“Sunset?” Rarity asked, adjusting her beret while trying to keep her mocha perfectly balanced on her lap. “We've been sitting here for a few minutes, and you've not said a single word.” The two were seated on a park bench by the sidewalk at a small park down the street from Canterlot High, both watching the autumn leaves, the passersby, and the world moving at a slower pace than either girl was used to.
“Sorry.” The flame-haired girl sighed before taking a sip from her pumpkin spice latte (or “white girl crack", as Rainbow often joked on Facebook, as evidenced from all the meme gifs she’d been posting the past week). Sunset then added, “I'm just feeling in a weird mood today. Just a lazy day, I suppose.”
“Well, today certainly is the day for it. I mean, I don't think we expected to get a couple of extra days off from school this close to Thanksgiving, darling. Thankfully, my employer is enjoying a well-overdue vacation with her family in Utah this week, which of course leaves my schedule free as the proverbial bird.” She then added, “And it goes without saying that there’s little more that I’d rather do than to spend time with one of my closest friends.”
“Thanks,” Sunset replied, blushing slightly. “I’m pretty much free this week as well: The Cakes told me to take it easy this week since I'm still recovering from the stab wound.” As if on cue, she winced and grabbed her side, nearly spilling her drink. “I've probably used up all the magic I have in me just to ward off the pain, and now that I'm drained it's kicking into overdrive,” she apologized.
A worried look crossed Rarity’s face. “Couldn’t you just....?”
Sunset shook her head. “Not really. This close to the new moon, I’ll have no chance of pulling ambient magic off the lunar pass for at least another two weeks.”
“Then perhaps we should go indoors? I would hate to be the cause of your relapse, Sunset dear.”
“I'll be fine, Rares. Trust me, if I were in real trouble, the blood would have soaked through my sweater by now.” Seeing her friend blanche at that, Sunset swore at herself under her breath and added a quick, “Trust me, I’ll be fine. If anything, all the outdoor air will do me a world of good, given that I’ve been cooped up either in the hospital or home for the most part.” She would have said more, save for at that point a fire-hued maple leaf gently twirled down from its start point above to fall gently into Sunset’s lap. Looking at the leaf with a smile, she commented, “It’s times like this that remind me why autumn is my favorite time of year.”
“Oh?” Rarity inquired. “I would think that with a name like Sunset Shimmer, summer would be your personal preference.”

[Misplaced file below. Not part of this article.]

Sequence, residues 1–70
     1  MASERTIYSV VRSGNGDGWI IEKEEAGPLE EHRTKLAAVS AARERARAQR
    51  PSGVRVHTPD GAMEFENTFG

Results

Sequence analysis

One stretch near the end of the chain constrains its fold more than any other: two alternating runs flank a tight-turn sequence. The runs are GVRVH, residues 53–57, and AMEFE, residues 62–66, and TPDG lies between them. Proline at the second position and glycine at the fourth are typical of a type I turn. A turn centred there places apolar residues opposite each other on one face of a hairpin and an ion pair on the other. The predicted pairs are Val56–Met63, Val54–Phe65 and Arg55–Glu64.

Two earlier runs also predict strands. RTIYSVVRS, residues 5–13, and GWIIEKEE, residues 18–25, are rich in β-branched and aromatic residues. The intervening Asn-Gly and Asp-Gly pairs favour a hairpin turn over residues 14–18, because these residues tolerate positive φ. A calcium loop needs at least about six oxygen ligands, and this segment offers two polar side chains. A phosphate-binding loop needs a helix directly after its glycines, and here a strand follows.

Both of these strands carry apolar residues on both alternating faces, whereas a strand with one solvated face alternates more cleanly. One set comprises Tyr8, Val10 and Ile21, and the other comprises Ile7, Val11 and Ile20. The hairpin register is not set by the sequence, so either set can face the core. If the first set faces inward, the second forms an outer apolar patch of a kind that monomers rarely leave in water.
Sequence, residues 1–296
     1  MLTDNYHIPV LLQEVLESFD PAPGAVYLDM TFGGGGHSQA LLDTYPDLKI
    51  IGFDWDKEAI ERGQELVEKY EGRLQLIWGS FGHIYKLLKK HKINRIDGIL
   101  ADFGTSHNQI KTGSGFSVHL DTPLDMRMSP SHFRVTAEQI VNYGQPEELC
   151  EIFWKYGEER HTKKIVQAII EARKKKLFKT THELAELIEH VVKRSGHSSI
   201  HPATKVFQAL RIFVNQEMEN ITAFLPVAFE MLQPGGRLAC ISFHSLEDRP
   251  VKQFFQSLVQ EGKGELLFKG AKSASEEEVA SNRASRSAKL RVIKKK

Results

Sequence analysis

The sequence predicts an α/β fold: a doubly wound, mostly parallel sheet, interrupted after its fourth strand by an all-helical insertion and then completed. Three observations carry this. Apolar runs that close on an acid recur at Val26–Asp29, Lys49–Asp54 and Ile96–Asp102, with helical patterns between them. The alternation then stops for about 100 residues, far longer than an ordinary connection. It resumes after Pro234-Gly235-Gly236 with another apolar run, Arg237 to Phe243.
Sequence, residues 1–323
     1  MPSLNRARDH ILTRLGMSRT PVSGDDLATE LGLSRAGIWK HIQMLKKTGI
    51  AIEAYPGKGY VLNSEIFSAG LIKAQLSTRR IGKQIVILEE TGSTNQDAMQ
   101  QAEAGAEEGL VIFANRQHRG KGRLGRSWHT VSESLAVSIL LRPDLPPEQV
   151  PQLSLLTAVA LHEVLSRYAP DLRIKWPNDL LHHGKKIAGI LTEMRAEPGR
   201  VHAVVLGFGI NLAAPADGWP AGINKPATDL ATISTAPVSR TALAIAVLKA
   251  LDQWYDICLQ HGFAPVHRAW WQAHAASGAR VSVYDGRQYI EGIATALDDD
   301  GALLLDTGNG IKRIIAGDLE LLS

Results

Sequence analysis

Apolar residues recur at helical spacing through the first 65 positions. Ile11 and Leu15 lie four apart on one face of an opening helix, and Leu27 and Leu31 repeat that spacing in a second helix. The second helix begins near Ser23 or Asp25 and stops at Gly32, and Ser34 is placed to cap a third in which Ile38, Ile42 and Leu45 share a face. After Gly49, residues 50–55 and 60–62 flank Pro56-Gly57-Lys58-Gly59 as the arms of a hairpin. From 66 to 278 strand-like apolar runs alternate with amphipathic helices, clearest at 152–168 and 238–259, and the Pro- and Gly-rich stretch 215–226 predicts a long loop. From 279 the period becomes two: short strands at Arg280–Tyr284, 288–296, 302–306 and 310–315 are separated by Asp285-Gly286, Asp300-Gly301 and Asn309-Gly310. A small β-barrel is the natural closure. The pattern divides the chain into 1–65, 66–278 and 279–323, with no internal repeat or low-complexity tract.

“You would think that, but you’re wrong,” Sunset explained. “I always liked the fall. It reminded me so much of, well, me,” she said with a smile as she reached out to catch a second leaf, this one burnished with deep reds and yellows, both the colors of her hair and that of her mane and coat as a unicorn. “Just think about how I was back then: selfish, spoiled and seeing a time of year when everything seemed to be personally tailored for my own entertainment. The Princess even got me a specially-knitted scarf that was enchanted to seem as though the leaves would always fall from one end to the other. It was neat, and I loved it – I’d probably have worn it everywhere, if it wasn’t specifically a cold-weather scarf.”
“My, that sounds fascinating,” Rarity cooed, and Sunset chuckled. With Rarity, she was never sure if her friend’s reaction came up because it was a story from her past back in Equestria...or because it was a story with royalty in it.
“Additionally, when I was ten, several of the Guild’s mages got together and planted a special tree in the royal gardens in my honor. They enchanted an oak tree, and they called it the Eternal Sunset Oak. For this tree, every day is autumn: it drops leaves that are burnished with my mane and coat colors and even as the tree’s leaves fall, new ones immediately begin growing, only to fall off days later.” A nostalgic, misty-eyed look came over the teen’s face. “It’s like a constant rain of leaves, always autumn.”
“That sounds absolutely wonderful, Sunset, dear,” Rarity added, picturing the tree in her mind, along with the image of her friend’s true form that she’d been shown the week before. “But if I may, you sound a bit...wistful.”
“It’s because I am.” Sunset downed the rest of her latte, and then with a basketball shot that would have impressed Rainbow, threw the cup into the trashcan six feet away. “I once thought that beauty was just for me and the Princess – that I deserved it. And as a spoiled and selfish filly that grew up to be a tyrant of a mare, it was all I could see. But now?” She looked at more leaves falling, then to the sugar pine growing in someone’s yard in the distance. Unlike the others, it was an evergreen, and would always remain the same. “Now? All I see is a metaphor for my life.”
“I did not heed my mentor...and I fell. I came here as a would-be conqueror...and I fell – hard. And now? I tried to start my change...and I fell once again, losing my home.”
“Sunset, surely you don’t miss that horrid warehouse you called a home!” Rarity ranted.
“I do, and I don’t. Sure, living with my foster family is wonderful, but at the same time, I rolled the proverbial dice and lost. And I keep losing. How much more until I lose again?”
Rarity took a drink of her cooling mocha, and idly thought about asking Sunset to use her magic to reheat it, before remembering that Sunset’s magic reserves were low just pushing the pain away. Opting to deal with the lukewarm beverage, she continued. “I thought you were happy living with Twilight and Octavia.”